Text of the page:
The Six Factors That Enable Totalitarianism

By Tyler DeBrauwere

Originally published December 2013
A regime needs to have power and control in order to maintain stability in a society. What the regime does to check and limit the power it obtains is what defines the regime. A regime that obtains absolute power and uses it to crack down and dominate its populace in order to perpetuate an ideology is called totalitarian. Totalitarianism is the evolution and adaptation of authoritarianism to twentieth-century industrial society. This evolution led to profound differences between the older authoritarianism and the newer totalitarianism. These differences are the six factors that enable a totalitarian dictatorship to take root and enable the ultimate goal of totalitarianism: the complete and utter control of the populace, to be achieved.

The first factor: the Dictator and Party is exactly that; a totalitarian regime needs a strong dictator that wields a small and thoroughly ideologically indoctrinated political party that allows the said dictator to obtain complete political control of their state. It can be said that in a tightly knit totalitarian dictatorship the dictator and his lieutenants are unified by their political ideology and an individual that breaks this unity is deemed unfit to be a part of said dictator’s political party and will be eliminated. A historical example of this elimination for the sake of political unity is Stalin’s Great Purge in which Stalin “removed” (killed or exiled) any member of his political party of whom he believed were his political opponents. The dictator himself develops this party cohesion by creating the movement, enlisting the people to stand by his side, and choosing the dissenters to be eliminated. This is how the power stays monocratic, the dictator builds the foundation upon which his political party is established.

The second factor: The Totalitarian Ideology is the ultimate tool with which totalitarianism is built. A totalitarian state is based upon an ideology, unlike the religious, law based, or nationalistic identity that other types of regimes use to form their foundation. For example, the Soviet Union had Marxism as their amalgamating ideology, Germany under Hitler had Nazism, and China under Mao had Maoism. All of these regimes used their ideologies as the foundation for unity. A totalitarian regime can exist only if its populace fanatically believes the ideology in which the regime is built upon. The totalitarian ideology needs to be reformist and state the inadequacies of the prior society, whilst at the same time expressing the superiority of revolutionary totalitarian ideology. This new ideology must be one that centralizes around the idea that the old ways must be destroyed and created anew. The totalitarian ideology must stand at the forefront of the new society, it must involve an acceptance for violence as the only means to this end, and it must also involve a utopian desire for a perfect society.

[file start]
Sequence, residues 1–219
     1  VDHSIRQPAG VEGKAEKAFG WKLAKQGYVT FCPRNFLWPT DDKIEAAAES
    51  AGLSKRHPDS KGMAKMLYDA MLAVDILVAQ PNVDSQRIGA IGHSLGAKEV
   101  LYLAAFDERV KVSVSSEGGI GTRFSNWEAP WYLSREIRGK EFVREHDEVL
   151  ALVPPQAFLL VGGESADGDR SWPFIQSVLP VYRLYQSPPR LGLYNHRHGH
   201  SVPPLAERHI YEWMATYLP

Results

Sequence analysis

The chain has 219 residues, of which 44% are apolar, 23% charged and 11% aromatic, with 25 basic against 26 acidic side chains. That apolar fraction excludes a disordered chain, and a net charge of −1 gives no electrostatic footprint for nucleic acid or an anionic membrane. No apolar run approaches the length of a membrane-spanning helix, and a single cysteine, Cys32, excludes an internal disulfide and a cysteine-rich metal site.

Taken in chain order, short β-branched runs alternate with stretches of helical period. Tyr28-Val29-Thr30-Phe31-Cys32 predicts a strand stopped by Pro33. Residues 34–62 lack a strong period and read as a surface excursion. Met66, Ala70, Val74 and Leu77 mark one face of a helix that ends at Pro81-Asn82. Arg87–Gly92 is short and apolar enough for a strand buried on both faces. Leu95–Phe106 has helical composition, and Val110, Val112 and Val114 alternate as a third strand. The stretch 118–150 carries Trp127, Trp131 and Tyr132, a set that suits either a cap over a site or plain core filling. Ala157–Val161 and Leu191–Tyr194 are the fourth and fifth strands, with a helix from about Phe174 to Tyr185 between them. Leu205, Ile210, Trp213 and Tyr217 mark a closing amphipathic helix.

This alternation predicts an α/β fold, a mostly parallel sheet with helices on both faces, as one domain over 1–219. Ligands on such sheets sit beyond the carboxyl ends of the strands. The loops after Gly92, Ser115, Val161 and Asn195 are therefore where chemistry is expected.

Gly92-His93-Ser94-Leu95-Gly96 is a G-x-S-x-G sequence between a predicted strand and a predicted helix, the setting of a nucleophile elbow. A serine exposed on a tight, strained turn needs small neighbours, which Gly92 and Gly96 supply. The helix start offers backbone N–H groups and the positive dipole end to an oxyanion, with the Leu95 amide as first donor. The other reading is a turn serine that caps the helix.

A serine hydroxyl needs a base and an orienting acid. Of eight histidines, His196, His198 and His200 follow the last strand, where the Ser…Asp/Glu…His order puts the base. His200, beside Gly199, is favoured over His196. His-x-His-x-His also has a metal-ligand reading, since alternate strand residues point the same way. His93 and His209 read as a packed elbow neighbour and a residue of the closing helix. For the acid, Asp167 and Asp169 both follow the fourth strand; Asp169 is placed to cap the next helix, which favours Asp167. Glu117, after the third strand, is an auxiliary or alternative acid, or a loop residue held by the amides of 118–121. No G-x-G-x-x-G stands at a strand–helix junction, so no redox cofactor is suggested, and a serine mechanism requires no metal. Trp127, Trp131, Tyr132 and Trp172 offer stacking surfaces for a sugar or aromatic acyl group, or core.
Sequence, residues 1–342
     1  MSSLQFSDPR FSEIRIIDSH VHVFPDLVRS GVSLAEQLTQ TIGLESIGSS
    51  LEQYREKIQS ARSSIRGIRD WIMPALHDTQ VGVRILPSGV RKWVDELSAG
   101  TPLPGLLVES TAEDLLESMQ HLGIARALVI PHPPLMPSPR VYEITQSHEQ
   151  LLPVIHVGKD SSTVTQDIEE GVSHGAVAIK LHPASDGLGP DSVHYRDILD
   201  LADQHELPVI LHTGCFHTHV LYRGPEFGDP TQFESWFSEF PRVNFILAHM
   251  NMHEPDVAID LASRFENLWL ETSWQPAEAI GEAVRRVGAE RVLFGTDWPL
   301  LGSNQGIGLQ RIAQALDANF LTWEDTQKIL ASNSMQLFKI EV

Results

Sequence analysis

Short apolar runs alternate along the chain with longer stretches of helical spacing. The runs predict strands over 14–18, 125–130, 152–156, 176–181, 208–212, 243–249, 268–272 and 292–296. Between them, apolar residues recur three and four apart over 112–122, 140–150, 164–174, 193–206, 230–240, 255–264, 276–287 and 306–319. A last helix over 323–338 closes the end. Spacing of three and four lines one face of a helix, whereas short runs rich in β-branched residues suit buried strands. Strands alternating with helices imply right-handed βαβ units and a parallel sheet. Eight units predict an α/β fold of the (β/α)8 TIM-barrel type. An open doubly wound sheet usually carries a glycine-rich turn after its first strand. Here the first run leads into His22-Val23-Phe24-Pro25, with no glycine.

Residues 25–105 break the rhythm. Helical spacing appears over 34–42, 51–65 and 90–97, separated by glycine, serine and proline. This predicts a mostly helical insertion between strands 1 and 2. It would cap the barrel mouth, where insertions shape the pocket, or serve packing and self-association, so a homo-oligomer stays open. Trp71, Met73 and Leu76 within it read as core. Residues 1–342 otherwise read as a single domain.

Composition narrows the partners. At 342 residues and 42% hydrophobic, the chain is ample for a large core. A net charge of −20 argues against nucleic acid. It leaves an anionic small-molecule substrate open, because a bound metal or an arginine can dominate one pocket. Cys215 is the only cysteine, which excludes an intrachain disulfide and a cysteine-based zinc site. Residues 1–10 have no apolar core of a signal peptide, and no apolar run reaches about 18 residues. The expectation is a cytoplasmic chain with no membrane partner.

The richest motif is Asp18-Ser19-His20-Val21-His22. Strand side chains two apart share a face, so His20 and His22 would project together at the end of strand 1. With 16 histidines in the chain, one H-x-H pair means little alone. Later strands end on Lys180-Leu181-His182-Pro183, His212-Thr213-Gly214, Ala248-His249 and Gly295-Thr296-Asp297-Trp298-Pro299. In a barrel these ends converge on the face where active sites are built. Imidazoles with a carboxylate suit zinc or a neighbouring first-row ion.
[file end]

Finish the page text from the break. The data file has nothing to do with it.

The third factor: Propaganda and the Terror is the whip that keeps the population in line. The eerie environment of totalitarian dictatorship is built upon terror and propaganda. Terror is direct intimidation from the government itself, which aims to scare those who dare to even fathom dissenting into disobedience. Terror can be overt (execution) or covert (social shame and disgrace), but it must be all encompassing; no one can be spared from the terror. Terror coincides with propaganda; propaganda is the method in which terror is distributed. The hallmark of totalitarian dictatorship is the complete control of mass communication and private communication (the media, telephone, telegraph, the postal
service, press, radio, television, and film) by the government. This prevents the spreading of radical ideals that go against the totalitarian regime’s ideology by limiting the only method of discourse to word of mouth, which is an ineffective method in the bustling world of modern mass society. In totalitarian dictatorships, propaganda is used to perpetuate the belief in the greatness of the totalitarian society and ideals, while at the same time demonizing dissenters and enemies of the state; the crucial goal being the preservation of power for the ruling political party. The Soviet system of propaganda, for example, consisted of repetitive ideological/political messages that were ceaselessly distributed via the press and radio. Soviet newspapers (even down to the local level) were centrally controlled and were written to ceaselessly express Soviet ideals. The radio, with its massive audience of forty million listeners, was an extremely effective tool for the spreading of propaganda in the Soviet Union. Estimates place that the Soviet Union broadcasted political propaganda via the radio at twenty-eight percent of the central program time (primetime).